Leaves are turning, the weather is cooling, and the sun’s angle in the sky is shrinking with each passing day. With autumn’s return comes another semester. The Edge Effects editorial board asked a wide range of professors which environmentally minded books they are most excited to share with their students this semester. These faculty favorites could make a great addition to your fall reading list.
Lisa M. Brady, Professor of History, Boise State University
Recommendation: Douglas Adams’s and Mark Carwardine’s Last Chance to See (Ballantine Books, 1992)
Although not a scholarly analysis of the causes and costs of extinction, Last Chance to See covers most of the relevant issues pertaining to biodiversity loss and a variety of ways societies around the globe have tried to mitigate it. In the ten years I’ve been using this book, I’ve found that students appreciate Adams’s unique narrative style, which both engages them through humor and provides instructors opportunities to critique his assumptions and representations of people, their histories, and their interactions with wildlife.
Dagomar Degroot, Assistant Professor of History, Georgetown University
Recommendation: Anya Zilberstein’s A Temperate Empire: Making Climate Change in Early America (Oxford University Press, 2016)
To me, this is one of the most intriguing climate history books ever published. For decades, most historians and scientists have concluded that climatic cooling during the Little Ice Age undermined agriculture and led to widespread social crises. Yet few have explored how contemporaries understood not just climatic cooling, but all the complex and occasionally counter-intuitive trends in average weather that characterized the period. In A Temperate Empire, Zilberstein shows that European settlers thought they could warm North America’s climate by cultivating and therefore “civilizing” it. Remarkably, as deforestation and cultivation gathered pace in the eighteenth century, the coldest phase of the Little Ice Age ended for unrelated reasons and the world warmed. Many colonizers thought that their labors had made it possible. Zilberstein has written the first book-length study on this remarkable chapter in the history of the Little Ice Age, which anticipated many of our present-day debates on global warming. I can’t wait to introduce it to my students.
Elizabeth Hennessy, Assistant Professor of History and Environmental Studies, University of Wisconsin–Madison
Recommendation: Hugh Raffles’s Insectopedia (Pantheon Books, 2010)
Animals are all around us, but rarely do we recognize just how central nonhumans have been to shaping human history and identity. My class emphasizes the role animals play as historical actors who have worked beside humans, nourished us, and shaped the ways in which we understand ourselves. Raffles’s beautifully written essays explore the myriad ways that insects are entangled with human life, making Insectopedia an entertaining and thought-provoking read. I love teaching it because his stories surprise my students and push them to see the critters around them differently.
Amy Kohout, Assistant Professor of History, Colorado College
Recommendation: Peter Heller’s The Dog Stars (Alfred A. Knopf, 2012)
The final book in this course is a piece of post-apocalyptic fiction. The Dog Stars is set in near-future Colorado, and follows a man and his dog as they navigate life after a major pandemic. The world Heller creates is meant to be familiar, and together we analyze ideas about interactions with nature in the text using what we’ve learned about environmental history. This opens up room to consider not only what environmental history offers our understanding of the past, but also how it might help us approach the present—and a range of possible futures.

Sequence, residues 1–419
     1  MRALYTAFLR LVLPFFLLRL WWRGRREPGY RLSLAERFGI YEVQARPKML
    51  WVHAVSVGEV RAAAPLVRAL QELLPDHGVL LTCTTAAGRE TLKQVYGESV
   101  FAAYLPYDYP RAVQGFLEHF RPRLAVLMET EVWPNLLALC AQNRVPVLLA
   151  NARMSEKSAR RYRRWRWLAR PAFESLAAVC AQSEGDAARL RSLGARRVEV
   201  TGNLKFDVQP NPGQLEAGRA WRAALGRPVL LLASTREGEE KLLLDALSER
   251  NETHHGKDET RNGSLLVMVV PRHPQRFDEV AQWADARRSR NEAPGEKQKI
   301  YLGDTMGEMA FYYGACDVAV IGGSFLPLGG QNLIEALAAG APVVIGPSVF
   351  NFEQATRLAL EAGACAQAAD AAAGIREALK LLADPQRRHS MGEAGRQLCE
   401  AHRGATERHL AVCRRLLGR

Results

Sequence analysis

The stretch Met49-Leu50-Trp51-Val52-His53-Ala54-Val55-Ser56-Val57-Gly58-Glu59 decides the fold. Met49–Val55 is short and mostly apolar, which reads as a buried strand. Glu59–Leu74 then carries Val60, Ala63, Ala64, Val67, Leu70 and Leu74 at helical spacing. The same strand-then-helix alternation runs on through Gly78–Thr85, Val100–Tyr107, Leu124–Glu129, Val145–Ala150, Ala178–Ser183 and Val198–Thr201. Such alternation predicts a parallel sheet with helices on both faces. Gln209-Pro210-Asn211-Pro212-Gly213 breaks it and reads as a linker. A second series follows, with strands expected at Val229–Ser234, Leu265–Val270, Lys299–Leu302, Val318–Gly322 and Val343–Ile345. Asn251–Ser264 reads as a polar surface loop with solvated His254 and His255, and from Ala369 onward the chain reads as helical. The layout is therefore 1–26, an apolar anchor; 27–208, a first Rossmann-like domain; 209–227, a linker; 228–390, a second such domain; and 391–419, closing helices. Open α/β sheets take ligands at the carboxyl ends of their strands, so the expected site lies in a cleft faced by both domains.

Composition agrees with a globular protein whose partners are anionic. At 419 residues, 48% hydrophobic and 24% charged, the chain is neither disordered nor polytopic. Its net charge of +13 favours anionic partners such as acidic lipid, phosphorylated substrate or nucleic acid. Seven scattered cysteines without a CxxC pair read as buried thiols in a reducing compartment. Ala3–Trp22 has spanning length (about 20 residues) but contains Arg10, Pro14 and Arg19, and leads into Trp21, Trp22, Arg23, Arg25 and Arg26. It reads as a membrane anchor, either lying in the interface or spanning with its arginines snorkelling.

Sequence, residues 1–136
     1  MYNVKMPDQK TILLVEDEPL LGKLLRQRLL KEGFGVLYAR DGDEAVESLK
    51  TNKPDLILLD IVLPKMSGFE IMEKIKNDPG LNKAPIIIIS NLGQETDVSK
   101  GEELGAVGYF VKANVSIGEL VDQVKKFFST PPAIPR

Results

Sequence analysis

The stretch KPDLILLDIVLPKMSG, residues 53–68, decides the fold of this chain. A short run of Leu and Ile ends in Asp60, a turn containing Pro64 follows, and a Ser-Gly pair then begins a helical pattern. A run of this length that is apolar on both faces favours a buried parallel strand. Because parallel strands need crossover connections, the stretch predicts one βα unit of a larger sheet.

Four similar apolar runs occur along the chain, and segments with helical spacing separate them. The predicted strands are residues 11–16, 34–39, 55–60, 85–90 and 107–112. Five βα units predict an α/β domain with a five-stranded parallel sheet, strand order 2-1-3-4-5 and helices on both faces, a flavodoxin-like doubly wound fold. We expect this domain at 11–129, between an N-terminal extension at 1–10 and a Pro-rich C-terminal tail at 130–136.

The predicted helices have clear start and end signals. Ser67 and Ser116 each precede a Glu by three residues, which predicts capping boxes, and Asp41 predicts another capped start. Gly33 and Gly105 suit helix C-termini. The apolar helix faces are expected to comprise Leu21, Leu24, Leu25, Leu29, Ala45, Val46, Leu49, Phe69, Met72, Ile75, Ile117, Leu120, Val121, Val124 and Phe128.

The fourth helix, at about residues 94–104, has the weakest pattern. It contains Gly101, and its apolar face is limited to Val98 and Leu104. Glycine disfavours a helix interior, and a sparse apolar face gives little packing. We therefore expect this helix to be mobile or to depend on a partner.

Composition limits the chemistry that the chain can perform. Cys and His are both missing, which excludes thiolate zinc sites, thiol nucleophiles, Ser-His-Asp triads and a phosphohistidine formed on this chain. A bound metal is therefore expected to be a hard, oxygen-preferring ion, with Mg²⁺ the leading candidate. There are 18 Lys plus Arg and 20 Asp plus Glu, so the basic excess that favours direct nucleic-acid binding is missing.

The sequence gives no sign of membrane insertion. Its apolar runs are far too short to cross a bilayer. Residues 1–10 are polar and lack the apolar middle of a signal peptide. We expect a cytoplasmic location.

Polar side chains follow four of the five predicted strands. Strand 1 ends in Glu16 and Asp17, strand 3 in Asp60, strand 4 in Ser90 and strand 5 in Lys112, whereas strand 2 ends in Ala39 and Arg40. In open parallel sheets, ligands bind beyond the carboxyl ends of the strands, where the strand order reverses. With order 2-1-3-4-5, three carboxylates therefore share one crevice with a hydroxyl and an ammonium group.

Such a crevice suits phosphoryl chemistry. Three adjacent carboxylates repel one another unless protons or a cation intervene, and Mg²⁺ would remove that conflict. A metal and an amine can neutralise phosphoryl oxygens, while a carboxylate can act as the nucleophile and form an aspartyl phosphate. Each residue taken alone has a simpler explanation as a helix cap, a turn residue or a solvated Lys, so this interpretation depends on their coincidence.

Mario Ortiz-Robles, Professor of English, University of Wisconsin–Madison
Recommendation: J. M. Coetzee’s The Lives of Animals (Princeton University Press, 1999)
One of the best introductions to the emerging field of Animal Studies, J. M. Coetzee’s The Lives of Animals, uses fictional situations and literary devices to make us reconsider our complex relations to animals. Originally delivered at Princeton University, each of the two lectures that make up this volume follows a fictional novelist, Elizabeth Costello, who has been invited to deliver a series of lectures at a small college where, unbeknownst to the organizers, her own son, a physicist, teaches. Even though she has been invited to talk about her work, she decides to speak instead about how philosophers and poets have variously described the lives of animals. The fictional distancing effects Coetzee employs to talk about animal representation make visible the limitations as well as the possibilities intrinsic to our inevitable anthropocentrism.
Emily Wakild, Associate Professor of History, Boise State University
Recommendation: Megan Raby’s American Tropics: The Caribbean Roots of Biodiversity Science (The University of North Carolina Press, 2017)
American Tropics examines the scientific concept of biodiversity within the circum-Caribbean context by focusing on the individuals and institutions involved in research at field stations outside the U.S. mainland (including Cuba, Jamaica, Guyana, and Panama). Using these stations, Raby skillfully shows the strategic and serendipitous ways field science coincided with political and economic imperial pursuits in the twentieth century. This enlarged context greatly expands how we can look at both the process and knowledge of science as products of social contingencies.
Editorial note: This is the third time the editorial board has reached out to environmental scholars to present a list of helpful books for teaching environmental material. Be sure to read our Autumn 2016 and Spring 2017 editions as well!
Featured image: pixabay.com